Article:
Free speech protects either all or none

On Wednesday the United States Supreme Court ruled in favor of the Westboro Baptist Church which had been sued by the father of a deceased Marine for protesting at his son’s funeral.

The Westboro Baptist Church is no stranger to making headlines. For almost two decades, the Westboro Baptist Church has been surrounded by controversy. They hold signs that read "Thank God for Dead Soldiers" and "God Hates Fags." The Church has also held protests outside Jewish institutions, including one outside the Holocaust Museum in 1996. In Justice Roberts’ majority opinion he wrote, "Speech is powerful. It can stir people to action, move them to tears of both joy and sorrow, and – as it did here – inflict great pain."

What the Westboro Baptist Church is doing is no doubt disturbing. They’ve upset a lot of people, regardless of what side of the Iraq War someone stands on.

I by no means agree with the actions of the Westboro Baptist Church. What they’re doing is tasteless and frankly quite unnecessary, but they have the First Amendment right to do it.

If you take away the right to protest from any group, you risk damaging the First Amendment. I may not agree with the Westboro Baptist Church’s message, but I agree that they have the right to be protected under the First Amendment.

I’ve talked to my best friend at home about this before. She’s a stringent Republican whose boyfriend is in the Army. Nothing upsets her more than the protests that the Westboro Baptist Church put on. She says that they shouldn’t be allowed to protest, that they’re wrong and that it’s disrespectful of the men and women who have given their lives for their country. I agree with her—to a degree. The belief system of the Westboro Baptist Church is extreme and offensive. But as a strong supporter of the First Amendment, and everything that it entails, I believe they have the right to protest.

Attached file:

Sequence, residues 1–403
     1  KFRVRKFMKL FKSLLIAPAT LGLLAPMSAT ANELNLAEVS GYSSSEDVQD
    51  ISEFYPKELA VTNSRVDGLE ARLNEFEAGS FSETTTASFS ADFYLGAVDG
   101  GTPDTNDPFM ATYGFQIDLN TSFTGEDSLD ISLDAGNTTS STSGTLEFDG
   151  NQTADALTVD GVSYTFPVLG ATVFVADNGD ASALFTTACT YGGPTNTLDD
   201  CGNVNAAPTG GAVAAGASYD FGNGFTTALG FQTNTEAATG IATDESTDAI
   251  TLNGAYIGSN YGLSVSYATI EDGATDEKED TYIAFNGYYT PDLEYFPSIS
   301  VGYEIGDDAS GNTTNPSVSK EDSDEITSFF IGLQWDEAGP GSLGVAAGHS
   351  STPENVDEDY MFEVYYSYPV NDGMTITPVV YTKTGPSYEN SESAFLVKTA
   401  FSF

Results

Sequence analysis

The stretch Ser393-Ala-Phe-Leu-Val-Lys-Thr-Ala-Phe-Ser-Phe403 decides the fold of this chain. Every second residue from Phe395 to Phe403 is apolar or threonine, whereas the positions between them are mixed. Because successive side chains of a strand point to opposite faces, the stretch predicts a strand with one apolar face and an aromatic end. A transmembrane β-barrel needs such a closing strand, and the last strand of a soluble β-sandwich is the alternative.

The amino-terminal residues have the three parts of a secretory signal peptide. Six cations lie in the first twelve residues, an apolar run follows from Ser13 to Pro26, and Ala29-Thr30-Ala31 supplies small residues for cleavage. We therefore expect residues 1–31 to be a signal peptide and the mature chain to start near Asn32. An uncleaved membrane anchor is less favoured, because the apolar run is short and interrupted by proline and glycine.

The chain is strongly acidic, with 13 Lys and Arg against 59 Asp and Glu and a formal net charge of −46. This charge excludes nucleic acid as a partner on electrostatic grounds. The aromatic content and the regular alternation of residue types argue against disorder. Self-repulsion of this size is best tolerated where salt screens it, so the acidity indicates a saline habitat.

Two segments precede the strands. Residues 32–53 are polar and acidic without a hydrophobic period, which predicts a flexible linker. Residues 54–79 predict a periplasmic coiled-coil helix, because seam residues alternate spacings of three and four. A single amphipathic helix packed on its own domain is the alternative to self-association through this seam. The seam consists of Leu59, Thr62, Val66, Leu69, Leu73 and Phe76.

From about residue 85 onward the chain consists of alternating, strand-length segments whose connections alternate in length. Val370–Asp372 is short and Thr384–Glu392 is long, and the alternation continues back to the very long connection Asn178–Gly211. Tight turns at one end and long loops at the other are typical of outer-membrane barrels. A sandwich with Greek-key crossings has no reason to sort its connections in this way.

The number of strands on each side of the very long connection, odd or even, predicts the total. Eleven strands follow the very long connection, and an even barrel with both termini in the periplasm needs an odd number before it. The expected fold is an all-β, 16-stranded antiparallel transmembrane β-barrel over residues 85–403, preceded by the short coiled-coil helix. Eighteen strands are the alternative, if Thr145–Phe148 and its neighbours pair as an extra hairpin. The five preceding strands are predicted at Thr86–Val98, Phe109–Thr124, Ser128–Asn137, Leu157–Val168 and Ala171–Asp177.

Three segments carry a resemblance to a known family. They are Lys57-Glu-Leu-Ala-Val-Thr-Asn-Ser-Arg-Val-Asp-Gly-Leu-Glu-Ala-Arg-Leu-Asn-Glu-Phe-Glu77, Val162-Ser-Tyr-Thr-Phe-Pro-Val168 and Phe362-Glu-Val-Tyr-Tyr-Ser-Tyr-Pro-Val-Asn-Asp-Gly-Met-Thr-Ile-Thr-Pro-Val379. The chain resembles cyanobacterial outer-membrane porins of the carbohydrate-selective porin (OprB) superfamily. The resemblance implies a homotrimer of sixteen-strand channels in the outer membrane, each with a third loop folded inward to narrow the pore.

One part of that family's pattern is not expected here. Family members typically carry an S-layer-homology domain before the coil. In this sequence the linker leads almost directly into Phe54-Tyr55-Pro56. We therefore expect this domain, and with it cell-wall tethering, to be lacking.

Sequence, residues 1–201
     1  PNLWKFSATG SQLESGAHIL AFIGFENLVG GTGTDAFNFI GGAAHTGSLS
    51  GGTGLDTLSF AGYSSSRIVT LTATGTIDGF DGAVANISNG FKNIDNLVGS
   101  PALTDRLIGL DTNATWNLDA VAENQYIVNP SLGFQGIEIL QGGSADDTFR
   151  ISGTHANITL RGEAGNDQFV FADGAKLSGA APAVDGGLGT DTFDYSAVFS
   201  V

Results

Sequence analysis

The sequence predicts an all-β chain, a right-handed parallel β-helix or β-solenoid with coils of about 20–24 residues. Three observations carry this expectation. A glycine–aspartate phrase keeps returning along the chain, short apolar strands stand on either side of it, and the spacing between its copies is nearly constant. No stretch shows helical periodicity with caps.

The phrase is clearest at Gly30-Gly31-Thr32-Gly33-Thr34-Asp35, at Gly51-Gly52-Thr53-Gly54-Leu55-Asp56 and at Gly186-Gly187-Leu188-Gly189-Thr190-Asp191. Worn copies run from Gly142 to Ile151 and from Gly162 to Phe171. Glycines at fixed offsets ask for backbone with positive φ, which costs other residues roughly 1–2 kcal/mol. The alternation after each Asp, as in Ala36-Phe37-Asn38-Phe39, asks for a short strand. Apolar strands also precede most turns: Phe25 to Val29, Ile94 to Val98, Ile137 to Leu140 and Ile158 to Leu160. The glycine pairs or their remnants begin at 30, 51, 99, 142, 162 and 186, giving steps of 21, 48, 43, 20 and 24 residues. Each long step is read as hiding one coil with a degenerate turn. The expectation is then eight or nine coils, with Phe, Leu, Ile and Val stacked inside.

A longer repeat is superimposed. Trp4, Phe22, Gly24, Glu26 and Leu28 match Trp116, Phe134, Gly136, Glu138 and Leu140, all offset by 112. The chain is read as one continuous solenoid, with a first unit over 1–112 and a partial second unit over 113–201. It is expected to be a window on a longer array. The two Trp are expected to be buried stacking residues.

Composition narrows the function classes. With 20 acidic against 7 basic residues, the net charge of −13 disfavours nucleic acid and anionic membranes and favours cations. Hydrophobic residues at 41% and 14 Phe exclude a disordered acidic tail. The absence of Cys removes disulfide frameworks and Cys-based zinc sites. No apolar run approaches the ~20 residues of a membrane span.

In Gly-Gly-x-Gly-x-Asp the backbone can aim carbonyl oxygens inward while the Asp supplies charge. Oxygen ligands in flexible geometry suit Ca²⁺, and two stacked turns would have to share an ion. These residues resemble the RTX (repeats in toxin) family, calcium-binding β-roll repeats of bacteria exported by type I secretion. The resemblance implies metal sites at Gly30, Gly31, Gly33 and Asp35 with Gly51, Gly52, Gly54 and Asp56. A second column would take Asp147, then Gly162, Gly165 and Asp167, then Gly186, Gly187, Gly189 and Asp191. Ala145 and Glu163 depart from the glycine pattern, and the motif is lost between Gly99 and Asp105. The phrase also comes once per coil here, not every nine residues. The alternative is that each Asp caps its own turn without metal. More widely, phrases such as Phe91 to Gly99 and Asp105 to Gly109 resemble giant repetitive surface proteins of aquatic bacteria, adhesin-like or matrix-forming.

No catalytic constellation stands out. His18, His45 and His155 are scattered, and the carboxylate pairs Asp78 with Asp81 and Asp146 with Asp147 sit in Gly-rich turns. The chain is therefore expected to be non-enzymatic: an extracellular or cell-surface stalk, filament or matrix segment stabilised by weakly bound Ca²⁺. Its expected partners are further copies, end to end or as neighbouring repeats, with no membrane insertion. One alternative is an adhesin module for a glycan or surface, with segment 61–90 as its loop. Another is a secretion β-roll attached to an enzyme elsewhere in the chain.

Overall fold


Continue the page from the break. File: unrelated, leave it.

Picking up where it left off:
According to the New York Times, more than 20 news organizations filed briefs with the Supreme Court supporting the Westboro Baptist Church’s right to protest.

In 2009, the number of journalists murdered reached a high of 52, a number which had not been surpassed since 1994. Since 1992 when the Committee to Protect Journalists began record keeping, 269 political journalists have been murdered. The journalist beat that comes in second place: corruption, with 176 deaths since 1992.

Journalists are killed worldwide because people do not agree with what they are trying to do. While this is a long way from protesting funerals of fallen soldiers, it is a comparison that can be made. Journalists have spent years fighting for their freedom to express themselves. If the Supreme Court ruled against the Westboro Baptist Church, they would be striking a blow to protection of the First Amendment.

Justice Samuel Alito was the only dissenter in the ruling saying "In order to have a society in which public issues can be openly and vigorously debated, it is not necessary to allow the brutalization of innocent victims."

Brutalization is a strong word. The intent of the Westboro Baptist Church may be to cause controversy, to make people uncomfortable, but they have the right to make that point. And if they offend a lot of people in the process? Then those offended people have the right to start their own protest against the Westboro Baptist Church and fight back.